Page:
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The Vector

NJIT's Student Newspaper

The Vector

NJIT's Student Newspaper

The Vector

Covering NJIT’s ProvOst Finalists


(Photo by Areej Qamar)

In the first week of October, NJIT President Dr. Teik Lim announced the university’s nationwide search for an applicant for the highly coveted position of Provost and Senior Executive Vice President. For the past 20 years, the position had been held by Dr. Fadi P. Deek, who returned to the faculty as a Distinguished Professor of Informatics and Mathematical Sciences.  

Since July 1, Dr. Atam P. Dhawan has served as NJIT’s Interim Provost and will continue to fill this role until a selection is made. A provost is a university’s chief academic officer and reports directly to the university president. Particular considerations for this appointment include implementing NJIT’s 2025 Strategic Plan and designing the 2030 plan with the repercussions of the COVID-19 pandemic plan.  

Due to the weighty nature of the role, a provost search committee assembled to choose between candidates from across the United States. There were representatives from each college; Dr. Wunmi Sadik, Distinguished Professor from the College of Science and Liberal Arts, and Catherine Brennan, Senior Vice President for Finance and Chief Financial Officer, were co-chairs of the panel. Student Senate President Mark Nashed and Graduate Student Association President Andrew House represented students on the committee.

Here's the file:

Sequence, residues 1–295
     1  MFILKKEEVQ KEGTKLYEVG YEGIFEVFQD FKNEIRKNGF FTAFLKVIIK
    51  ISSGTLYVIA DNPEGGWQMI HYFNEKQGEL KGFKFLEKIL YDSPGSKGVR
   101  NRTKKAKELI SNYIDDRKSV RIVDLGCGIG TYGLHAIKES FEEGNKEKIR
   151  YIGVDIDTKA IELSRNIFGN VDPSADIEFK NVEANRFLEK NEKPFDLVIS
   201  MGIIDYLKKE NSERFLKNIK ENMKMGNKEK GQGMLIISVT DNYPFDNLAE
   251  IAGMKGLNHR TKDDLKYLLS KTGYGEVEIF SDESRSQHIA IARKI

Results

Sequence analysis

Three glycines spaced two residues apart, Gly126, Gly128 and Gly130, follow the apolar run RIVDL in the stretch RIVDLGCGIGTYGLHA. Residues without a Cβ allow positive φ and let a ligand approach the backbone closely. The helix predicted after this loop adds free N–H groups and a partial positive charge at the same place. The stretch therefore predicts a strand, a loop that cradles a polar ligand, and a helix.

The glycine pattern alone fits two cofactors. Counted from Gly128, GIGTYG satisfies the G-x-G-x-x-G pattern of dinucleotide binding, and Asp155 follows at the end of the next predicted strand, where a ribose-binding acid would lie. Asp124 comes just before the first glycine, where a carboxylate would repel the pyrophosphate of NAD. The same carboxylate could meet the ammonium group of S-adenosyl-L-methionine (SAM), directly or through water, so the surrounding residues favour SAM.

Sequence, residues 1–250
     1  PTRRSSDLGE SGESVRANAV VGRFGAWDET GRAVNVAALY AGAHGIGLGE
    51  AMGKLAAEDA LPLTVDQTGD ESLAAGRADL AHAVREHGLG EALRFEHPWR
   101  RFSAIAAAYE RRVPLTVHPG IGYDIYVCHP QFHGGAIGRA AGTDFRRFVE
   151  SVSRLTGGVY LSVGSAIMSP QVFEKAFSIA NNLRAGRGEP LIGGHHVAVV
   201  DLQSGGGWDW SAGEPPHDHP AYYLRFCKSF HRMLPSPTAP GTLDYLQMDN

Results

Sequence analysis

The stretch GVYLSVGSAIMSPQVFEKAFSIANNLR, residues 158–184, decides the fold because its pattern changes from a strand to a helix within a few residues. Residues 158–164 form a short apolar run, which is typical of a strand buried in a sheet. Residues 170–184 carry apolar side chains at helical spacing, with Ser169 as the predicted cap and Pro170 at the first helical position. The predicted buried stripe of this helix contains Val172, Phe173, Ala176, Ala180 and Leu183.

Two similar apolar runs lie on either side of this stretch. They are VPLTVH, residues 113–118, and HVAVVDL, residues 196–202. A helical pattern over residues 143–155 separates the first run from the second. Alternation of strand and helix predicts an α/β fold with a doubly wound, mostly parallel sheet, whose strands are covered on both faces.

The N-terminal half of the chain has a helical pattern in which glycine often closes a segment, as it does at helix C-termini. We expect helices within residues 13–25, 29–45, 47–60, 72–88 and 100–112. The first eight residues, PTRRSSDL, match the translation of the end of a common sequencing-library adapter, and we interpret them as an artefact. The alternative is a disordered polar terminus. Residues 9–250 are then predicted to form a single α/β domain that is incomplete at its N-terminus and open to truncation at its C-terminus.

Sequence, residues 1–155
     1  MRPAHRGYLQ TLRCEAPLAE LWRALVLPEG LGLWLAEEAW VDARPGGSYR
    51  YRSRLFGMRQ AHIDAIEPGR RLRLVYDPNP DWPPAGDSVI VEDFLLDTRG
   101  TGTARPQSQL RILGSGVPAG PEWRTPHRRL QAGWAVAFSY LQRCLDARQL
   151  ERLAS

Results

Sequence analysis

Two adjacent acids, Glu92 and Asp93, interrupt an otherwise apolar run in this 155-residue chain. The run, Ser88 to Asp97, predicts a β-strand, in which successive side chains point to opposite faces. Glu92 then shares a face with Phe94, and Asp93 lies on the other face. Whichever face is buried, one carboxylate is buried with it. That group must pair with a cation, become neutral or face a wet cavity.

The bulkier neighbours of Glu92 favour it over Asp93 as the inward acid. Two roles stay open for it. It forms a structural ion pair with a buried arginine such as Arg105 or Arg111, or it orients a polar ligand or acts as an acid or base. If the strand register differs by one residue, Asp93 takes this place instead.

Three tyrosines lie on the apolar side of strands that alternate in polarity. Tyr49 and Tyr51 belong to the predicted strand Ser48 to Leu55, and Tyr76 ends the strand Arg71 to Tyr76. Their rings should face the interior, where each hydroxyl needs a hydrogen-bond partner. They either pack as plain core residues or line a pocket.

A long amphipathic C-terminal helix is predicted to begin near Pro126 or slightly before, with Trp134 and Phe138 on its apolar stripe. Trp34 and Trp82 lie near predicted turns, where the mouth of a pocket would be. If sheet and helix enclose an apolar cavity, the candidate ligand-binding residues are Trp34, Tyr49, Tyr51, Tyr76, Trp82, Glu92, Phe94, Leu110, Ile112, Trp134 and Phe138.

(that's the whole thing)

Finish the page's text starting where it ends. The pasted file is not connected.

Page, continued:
On Feb. 15, Lim announced that the committee had finalized four candidates, ranging in background and experience: Dr. Karin Rutlandt, Dr. Kenneth Christensen, Dr. Don Leo, and Dr. John Pelesko. From Feb. 20–24, they each hosted a forum in the Campus Center Atrium and Agile Strategy Lab in the Central King Building.  

Rutlandt is a chemist by training, who earned a bachelor’s, master’s, and Ph.D. degree in Germany. Most recently, she served as the Dean for the College of Arts and Sciences at Syracuse University from 2014 to 2022. She is a reviewer for the National Science Foundation’s Research Experience for Undergraduates programs and was awarded the foundation’s Career Award from 1997–2002. 

She said that her greatest accomplishments included starting “[diversity, equity, and inclusion] initiatives to create a strong sense of belonging, including the hire of an associate Dean for this purpose and the introduction of new faculty hiring policies.” She is also proud of Syracuse University’s high retention rate of international students, with around 91.5% choosing to stay for their second year.  

In addition, Rutlandt emphasized, “I believe in the ‘ear on the ground’ approach, which allows intervention before it is too late to retain outstanding faculty or resolve problems. The promotion of an inclusive and diverse campus climate is the foundation of an enhanced student experience and thriving research climate.” Under her leadership, the Syracuse University College of Arts and Sciences raised around $15 million annually for the promotion of research, student scholarships, and endowed professorships.  

Christensen received his education in mechanical engineering and is the Interim Provost, Senior Vice President for Academic Affairs and Chief Academic Officer at the Illinois Institute of Technology. He also holds the position of the Carol and Ed Kaplan Endowed Chair in Engineering and joined the university as the Dean of the College of Engineering. Christensen served as the editor-in-chief of the scientific journal “Measurement Science and Technology” from 2017–2021 and is currently on three editorial boards.